You’d be hard-pressed to find an owner or manager that doesn’t recognize the importance of employee engagement.
It’s a fact: The more actively engaged your employees are in their work, the more productive they’ll be. According to a study by Gallup, increased employee engagement can lead to a 21% spike in productivity—and a 22% spike in profits.
Overall, engaged employees are satisfied with their occupational circumstances in two ways:
- Intrinsically—that is, the satisfaction they get from doing their job well
- Extrinsically—satisfaction with the rewards they receive for doing their job well
To be sure, intrinsic motivation will only go so far. If your employees aren’t properly compensated for their work, they’ll easily become disengaged—and may possibly walk away from your organization for good.
More than just a competitive salary, you also need to offer strategic benefits to keep your employees engaged. In fact, SHRM’s 2017 Employee Benefit Report found that 29% of respondents have left jobs due to subpar benefits, while 32% report remaining with a company specifically because the organization offered excellent benefits.
The benefits you offer your employees can improve their engagement levels in both direct and indirect ways. In this article, we explore six types of benefits to offer your employees, and explain the role each plays in enhancing employee engagement.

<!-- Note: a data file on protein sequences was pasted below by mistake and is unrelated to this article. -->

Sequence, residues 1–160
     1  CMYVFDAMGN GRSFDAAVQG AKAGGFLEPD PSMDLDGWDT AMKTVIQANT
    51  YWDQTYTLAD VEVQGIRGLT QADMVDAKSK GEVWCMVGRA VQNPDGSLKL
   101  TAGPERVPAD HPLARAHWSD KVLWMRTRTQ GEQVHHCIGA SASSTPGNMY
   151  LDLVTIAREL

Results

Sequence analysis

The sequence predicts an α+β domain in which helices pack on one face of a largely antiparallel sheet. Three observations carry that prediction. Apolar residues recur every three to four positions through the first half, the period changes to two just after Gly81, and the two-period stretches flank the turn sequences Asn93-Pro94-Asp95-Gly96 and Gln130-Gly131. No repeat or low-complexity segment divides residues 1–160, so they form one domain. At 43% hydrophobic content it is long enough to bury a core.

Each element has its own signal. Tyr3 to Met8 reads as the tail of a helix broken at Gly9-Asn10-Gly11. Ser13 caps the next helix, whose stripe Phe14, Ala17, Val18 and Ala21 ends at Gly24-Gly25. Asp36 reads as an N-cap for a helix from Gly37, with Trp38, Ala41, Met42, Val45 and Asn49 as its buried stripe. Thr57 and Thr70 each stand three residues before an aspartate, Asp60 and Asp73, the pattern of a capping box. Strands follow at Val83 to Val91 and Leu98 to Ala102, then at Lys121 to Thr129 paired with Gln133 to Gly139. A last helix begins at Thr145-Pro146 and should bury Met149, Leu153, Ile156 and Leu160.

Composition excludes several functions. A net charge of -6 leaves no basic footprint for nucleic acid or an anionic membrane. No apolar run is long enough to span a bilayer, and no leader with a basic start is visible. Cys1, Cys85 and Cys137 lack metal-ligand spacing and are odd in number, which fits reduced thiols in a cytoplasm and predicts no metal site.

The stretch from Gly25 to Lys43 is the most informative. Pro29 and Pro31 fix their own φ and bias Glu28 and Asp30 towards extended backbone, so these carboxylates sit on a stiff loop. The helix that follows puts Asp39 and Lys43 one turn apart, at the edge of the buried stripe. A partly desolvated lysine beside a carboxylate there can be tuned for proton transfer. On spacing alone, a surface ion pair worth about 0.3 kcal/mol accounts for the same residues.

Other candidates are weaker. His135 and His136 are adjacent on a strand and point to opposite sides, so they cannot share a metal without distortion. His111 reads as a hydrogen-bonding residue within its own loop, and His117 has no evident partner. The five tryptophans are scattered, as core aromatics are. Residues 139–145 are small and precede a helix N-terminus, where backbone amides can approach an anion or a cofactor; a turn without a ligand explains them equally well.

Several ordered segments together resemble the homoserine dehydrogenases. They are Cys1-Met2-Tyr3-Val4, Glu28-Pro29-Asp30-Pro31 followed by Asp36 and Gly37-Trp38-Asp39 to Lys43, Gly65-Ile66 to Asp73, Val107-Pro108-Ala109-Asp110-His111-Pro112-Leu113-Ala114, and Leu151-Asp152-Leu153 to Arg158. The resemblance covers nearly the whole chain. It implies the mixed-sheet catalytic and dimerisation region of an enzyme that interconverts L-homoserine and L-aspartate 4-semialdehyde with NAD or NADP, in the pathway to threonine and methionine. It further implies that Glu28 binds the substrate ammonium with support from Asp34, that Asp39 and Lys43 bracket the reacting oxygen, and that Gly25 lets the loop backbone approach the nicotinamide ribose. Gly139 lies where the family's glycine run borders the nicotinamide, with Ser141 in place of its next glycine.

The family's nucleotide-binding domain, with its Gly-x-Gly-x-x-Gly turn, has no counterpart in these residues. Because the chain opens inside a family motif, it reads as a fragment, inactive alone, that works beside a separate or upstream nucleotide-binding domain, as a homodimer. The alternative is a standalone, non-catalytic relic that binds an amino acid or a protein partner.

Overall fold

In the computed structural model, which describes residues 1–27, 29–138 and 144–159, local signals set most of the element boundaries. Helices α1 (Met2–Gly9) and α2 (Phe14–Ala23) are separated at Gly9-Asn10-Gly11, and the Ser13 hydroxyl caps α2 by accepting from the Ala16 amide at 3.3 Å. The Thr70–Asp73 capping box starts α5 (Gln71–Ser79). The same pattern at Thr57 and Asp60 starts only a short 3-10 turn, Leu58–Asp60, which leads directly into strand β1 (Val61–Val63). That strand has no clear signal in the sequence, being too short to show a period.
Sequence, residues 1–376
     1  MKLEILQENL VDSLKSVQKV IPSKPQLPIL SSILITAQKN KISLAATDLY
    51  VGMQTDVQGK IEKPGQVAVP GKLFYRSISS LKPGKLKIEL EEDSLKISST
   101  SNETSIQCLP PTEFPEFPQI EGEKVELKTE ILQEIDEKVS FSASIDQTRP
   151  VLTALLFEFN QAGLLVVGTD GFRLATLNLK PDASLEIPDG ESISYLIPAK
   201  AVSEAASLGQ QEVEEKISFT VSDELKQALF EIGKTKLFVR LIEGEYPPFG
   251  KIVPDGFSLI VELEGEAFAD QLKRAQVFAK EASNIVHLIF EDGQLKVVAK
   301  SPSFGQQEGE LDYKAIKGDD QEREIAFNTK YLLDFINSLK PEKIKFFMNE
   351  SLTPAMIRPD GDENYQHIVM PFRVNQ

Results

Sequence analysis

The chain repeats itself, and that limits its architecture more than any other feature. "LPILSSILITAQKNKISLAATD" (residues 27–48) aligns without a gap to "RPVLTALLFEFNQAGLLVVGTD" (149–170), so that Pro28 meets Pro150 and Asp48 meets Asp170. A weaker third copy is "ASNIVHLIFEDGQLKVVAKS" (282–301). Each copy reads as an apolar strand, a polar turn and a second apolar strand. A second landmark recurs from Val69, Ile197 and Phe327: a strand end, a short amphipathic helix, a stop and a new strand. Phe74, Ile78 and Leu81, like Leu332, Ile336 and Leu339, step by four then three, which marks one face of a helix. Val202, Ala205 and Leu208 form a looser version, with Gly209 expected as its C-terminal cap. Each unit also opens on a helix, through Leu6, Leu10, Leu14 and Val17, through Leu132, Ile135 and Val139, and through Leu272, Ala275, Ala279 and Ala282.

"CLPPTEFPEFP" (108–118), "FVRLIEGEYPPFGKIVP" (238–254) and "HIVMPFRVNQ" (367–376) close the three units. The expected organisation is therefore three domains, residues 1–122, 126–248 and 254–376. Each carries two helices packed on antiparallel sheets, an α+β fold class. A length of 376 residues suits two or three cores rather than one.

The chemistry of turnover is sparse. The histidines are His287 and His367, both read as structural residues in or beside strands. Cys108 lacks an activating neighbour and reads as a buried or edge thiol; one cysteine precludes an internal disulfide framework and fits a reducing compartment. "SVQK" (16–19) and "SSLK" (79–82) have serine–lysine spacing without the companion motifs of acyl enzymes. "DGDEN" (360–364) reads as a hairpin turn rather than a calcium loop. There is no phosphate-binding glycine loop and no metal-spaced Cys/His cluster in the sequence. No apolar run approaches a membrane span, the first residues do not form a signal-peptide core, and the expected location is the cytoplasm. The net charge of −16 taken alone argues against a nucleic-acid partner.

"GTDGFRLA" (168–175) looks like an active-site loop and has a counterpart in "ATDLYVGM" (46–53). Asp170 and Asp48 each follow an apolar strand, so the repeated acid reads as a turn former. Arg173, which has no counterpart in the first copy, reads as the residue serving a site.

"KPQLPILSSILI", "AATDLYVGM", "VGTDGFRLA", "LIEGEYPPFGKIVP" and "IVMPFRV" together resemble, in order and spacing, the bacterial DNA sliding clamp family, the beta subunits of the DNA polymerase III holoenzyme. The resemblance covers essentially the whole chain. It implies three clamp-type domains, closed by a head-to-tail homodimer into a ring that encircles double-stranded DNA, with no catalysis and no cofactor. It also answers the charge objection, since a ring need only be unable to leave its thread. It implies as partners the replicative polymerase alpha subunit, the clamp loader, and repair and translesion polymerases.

First, let’s go over five overarching best practices to follow when creating a strategic employee benefits package.
5 Best Practices for Selecting Employee Benefits
As an employer, you have complete control over the benefits you offer your employees.
Figuring out what benefits to offer—to both attract top-quality employees and keep them engaged—isn’t exactly a simple process. As complex as this process may be, that doesn’t mean it has to be complicated.
Here are some overall best practices to keep in mind as you determine your employee benefit strategy.
Offer Benefits Your Employees Value
There’s no universal “best” way of creating a benefits strategy—it’s all subjective to your employees’ needs and expectations.
“I like to try to give my team the popular vote whenever possible. In the past, when we’ve updated our policies, I’ve had my team come up with what would be their ideal benefits, within reason, of course. They then collaboratively met and decided on benefits that would be best for everyone.